|Purchase: Amazon | Chapters|
Length: 606 pages
Genre: Literary Fiction
Start date: July 2010
Finished date: July 2010
Where from: Chapters-Indigo
Why Read: From TBR list; the unusual title captivated me
Summary: Novelist T.S. Garp, the son of a feminist icon, struggles to step away from her shadow to bring out his own fading talents, finding material from the tragic, bizarre, and odd, incredible encounters of his life.
It is rare to find a novel so complete without being rushed and without leaving any plot strings unraveled, with every character given finality in either death or a footnote of their current circumstances. Garp’s conception is criminal, his childhood adventurous, and his future bright with early potential as a writer from the imaginative short story "The Pension Grillparzer" and his talent as an amateur wrestler.
What hinders his progress is his relationships: Garp remains at odds with his mother, nurse turned feminist icon Jenny Fields, whose cult following after the publication of her memoir gives her a destiny to protect & harbour disenfranchised women, including those that cause their own misery as “Ellen Jamisons,” who cut out their tongues in protest for the rape of a girl by that name. His marriage to the meek, bookish teacher Helen is marred by affairs that lead to unspeakable tragedy that convinces Garp lust is the bane of tragedy & misfortune retold in a pitiful novel, The World According to Bensenhaver.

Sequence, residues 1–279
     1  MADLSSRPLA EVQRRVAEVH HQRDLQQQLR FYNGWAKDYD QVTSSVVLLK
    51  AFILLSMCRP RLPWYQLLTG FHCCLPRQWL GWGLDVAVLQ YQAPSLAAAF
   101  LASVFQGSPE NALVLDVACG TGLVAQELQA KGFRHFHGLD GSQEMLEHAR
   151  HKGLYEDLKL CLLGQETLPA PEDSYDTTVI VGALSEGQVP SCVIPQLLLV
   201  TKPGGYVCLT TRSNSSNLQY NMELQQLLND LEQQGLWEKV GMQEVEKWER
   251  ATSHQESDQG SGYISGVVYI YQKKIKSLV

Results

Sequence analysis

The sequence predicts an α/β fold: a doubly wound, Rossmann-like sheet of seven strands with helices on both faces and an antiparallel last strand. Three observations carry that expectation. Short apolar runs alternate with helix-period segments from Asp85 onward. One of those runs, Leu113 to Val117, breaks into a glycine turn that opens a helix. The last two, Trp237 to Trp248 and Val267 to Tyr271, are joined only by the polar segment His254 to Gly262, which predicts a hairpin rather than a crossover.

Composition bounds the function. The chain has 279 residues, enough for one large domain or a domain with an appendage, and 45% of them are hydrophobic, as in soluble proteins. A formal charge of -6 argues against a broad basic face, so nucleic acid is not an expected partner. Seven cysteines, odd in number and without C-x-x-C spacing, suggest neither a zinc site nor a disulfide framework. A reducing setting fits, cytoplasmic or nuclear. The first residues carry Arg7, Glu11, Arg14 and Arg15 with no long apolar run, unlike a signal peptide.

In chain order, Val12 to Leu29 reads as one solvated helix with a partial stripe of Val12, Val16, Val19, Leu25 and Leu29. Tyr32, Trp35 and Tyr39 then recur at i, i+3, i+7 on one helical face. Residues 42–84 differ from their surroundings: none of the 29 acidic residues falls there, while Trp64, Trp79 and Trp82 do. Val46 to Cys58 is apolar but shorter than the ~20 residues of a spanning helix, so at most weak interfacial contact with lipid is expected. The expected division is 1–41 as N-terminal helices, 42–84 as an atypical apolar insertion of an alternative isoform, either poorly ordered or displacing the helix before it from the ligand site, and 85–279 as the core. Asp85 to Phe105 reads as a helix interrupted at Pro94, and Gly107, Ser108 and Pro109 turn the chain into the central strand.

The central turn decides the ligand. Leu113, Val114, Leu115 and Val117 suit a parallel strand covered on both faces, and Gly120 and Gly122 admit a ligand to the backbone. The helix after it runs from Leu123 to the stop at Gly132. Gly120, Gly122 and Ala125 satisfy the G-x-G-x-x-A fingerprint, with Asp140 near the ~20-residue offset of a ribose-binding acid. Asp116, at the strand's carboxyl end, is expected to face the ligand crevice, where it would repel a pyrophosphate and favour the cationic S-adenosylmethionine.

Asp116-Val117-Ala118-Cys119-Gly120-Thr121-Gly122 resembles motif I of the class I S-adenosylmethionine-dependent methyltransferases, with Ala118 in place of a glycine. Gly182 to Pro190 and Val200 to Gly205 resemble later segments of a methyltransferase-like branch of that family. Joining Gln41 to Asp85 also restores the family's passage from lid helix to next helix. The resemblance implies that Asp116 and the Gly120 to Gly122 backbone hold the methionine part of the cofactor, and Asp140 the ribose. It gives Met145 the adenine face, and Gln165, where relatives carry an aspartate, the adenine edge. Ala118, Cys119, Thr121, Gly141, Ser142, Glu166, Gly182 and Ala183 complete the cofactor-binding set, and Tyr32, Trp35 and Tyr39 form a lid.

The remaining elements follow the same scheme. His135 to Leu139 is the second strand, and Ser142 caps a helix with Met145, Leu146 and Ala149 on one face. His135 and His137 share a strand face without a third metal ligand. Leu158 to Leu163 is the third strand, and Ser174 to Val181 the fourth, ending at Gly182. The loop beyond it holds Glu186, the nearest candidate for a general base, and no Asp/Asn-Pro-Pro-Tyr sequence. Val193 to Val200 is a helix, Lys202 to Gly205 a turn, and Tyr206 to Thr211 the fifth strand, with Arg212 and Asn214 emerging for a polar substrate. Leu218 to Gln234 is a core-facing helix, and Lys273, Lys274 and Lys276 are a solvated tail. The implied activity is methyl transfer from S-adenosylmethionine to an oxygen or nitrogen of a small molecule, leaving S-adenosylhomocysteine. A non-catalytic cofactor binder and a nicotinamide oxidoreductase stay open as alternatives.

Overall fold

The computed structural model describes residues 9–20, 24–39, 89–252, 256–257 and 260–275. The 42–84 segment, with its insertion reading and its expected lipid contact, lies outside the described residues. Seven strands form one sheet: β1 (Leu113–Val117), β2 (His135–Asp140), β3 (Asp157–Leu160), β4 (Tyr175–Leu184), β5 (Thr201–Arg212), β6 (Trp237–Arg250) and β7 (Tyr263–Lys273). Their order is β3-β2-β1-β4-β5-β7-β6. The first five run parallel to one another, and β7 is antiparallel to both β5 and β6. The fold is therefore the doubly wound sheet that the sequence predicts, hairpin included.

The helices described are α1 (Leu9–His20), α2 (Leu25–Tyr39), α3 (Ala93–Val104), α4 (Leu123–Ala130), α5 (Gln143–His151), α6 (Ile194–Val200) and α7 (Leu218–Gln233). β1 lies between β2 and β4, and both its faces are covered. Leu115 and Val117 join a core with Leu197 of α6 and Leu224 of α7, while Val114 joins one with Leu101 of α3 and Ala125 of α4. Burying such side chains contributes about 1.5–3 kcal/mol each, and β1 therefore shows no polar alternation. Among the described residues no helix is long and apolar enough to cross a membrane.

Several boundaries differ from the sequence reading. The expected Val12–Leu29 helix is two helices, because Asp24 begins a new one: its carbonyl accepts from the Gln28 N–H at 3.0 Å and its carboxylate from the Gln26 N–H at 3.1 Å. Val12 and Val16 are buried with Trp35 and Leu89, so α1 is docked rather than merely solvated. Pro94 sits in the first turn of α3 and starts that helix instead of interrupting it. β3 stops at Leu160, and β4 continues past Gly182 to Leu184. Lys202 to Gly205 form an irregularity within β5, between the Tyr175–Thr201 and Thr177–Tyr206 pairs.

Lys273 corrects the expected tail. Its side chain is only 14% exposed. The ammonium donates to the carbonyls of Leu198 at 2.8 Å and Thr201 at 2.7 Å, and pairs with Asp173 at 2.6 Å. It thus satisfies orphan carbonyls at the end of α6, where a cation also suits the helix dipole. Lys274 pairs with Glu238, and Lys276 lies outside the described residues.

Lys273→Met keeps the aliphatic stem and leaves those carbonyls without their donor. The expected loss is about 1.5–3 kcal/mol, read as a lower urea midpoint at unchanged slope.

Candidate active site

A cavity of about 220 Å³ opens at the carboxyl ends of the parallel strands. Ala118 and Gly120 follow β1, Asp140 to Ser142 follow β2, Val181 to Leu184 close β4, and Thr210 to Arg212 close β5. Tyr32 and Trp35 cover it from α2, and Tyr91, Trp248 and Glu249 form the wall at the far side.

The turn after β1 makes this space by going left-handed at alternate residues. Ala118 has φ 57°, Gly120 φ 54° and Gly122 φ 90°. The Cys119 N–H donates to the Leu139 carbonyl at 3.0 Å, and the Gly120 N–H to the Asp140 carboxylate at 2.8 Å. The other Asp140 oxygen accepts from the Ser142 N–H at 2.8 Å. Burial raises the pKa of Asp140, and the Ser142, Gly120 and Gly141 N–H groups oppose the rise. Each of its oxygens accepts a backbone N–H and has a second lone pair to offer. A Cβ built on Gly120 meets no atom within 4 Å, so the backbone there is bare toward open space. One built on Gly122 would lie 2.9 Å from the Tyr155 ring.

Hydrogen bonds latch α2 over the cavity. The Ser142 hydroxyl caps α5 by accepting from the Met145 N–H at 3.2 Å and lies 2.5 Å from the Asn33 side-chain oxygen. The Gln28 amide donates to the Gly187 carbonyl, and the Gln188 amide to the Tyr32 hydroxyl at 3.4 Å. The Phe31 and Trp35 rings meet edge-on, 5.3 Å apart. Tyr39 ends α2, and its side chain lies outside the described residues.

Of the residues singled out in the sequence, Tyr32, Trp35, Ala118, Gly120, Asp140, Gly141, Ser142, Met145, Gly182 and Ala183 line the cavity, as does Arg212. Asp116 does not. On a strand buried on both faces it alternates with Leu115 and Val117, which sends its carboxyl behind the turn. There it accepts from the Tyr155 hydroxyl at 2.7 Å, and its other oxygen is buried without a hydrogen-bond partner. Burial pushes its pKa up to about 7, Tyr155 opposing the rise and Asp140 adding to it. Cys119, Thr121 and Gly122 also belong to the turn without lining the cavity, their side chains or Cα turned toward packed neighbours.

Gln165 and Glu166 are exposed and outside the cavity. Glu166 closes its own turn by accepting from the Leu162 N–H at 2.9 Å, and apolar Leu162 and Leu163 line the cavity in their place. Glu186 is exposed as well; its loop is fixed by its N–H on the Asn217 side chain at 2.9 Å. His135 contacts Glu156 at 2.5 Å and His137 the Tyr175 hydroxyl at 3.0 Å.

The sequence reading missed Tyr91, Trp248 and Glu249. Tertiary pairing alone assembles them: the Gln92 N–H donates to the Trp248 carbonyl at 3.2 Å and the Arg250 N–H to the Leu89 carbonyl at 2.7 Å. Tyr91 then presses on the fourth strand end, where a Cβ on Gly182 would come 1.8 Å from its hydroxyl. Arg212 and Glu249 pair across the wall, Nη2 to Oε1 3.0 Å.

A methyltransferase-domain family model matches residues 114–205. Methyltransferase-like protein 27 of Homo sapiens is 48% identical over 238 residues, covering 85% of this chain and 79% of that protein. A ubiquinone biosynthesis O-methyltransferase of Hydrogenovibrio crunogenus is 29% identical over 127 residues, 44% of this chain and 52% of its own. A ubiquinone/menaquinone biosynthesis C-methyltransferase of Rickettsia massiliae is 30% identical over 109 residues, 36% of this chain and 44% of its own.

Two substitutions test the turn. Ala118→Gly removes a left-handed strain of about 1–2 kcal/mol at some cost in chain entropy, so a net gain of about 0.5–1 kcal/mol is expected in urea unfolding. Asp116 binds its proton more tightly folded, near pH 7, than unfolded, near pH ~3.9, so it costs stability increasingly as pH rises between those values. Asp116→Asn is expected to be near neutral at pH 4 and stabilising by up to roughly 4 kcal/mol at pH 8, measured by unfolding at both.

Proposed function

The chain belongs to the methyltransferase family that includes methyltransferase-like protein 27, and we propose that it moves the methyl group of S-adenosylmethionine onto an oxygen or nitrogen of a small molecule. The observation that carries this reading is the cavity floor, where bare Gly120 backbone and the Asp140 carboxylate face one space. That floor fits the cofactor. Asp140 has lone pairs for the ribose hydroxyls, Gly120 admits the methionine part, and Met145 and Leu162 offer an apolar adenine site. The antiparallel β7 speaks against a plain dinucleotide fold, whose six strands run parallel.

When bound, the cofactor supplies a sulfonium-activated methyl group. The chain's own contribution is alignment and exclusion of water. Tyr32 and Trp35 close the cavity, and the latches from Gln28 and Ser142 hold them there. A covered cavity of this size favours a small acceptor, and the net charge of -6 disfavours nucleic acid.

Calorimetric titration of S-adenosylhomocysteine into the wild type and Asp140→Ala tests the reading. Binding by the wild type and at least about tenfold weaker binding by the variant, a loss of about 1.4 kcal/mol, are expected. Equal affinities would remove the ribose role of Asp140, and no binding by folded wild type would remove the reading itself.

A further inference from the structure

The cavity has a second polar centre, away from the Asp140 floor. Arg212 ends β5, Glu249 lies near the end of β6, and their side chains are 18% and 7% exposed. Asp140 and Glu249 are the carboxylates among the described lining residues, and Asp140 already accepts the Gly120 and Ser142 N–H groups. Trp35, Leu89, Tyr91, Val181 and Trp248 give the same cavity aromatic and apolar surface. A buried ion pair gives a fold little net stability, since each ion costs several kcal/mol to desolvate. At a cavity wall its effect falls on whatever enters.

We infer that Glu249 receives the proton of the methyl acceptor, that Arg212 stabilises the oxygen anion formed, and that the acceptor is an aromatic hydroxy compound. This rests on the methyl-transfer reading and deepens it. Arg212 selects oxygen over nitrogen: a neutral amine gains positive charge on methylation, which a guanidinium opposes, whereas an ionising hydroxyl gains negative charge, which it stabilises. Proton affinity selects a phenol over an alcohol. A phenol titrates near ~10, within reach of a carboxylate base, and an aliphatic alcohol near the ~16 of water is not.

But equaling its tragedies are the comic underpinnings such as Garp’s friendship with Roberta, a transvestite ex-football player, his antagonistic relationship with the neighbouring Steering family & their dog, Bonkie, and his secret pining for Alice, the lisping wife of a friend & colleague.
It takes getting used to the nutty encounters & shell-shocked existence Garp seems to lead, but I soon eased into it and became mesmerized by the supporting characters that crop up over the years of his life and either sustain a place in his heart or wither off entirely, only to be caricatured in his writing.
The novel is often overlooked when choosing a “perfect” novel, but I wouldn’t hesitate to give it the honour. It is creatively offbeat, masterfully structured, and, by its end, comes full circle in producing a multidimensional life story that is littered with delightful, if oddball, characters in a thoughtful study of “terminal cases.”
I haven't yet seen the movie version, but I heard it was decent.
Rank: (A+)- A must-read!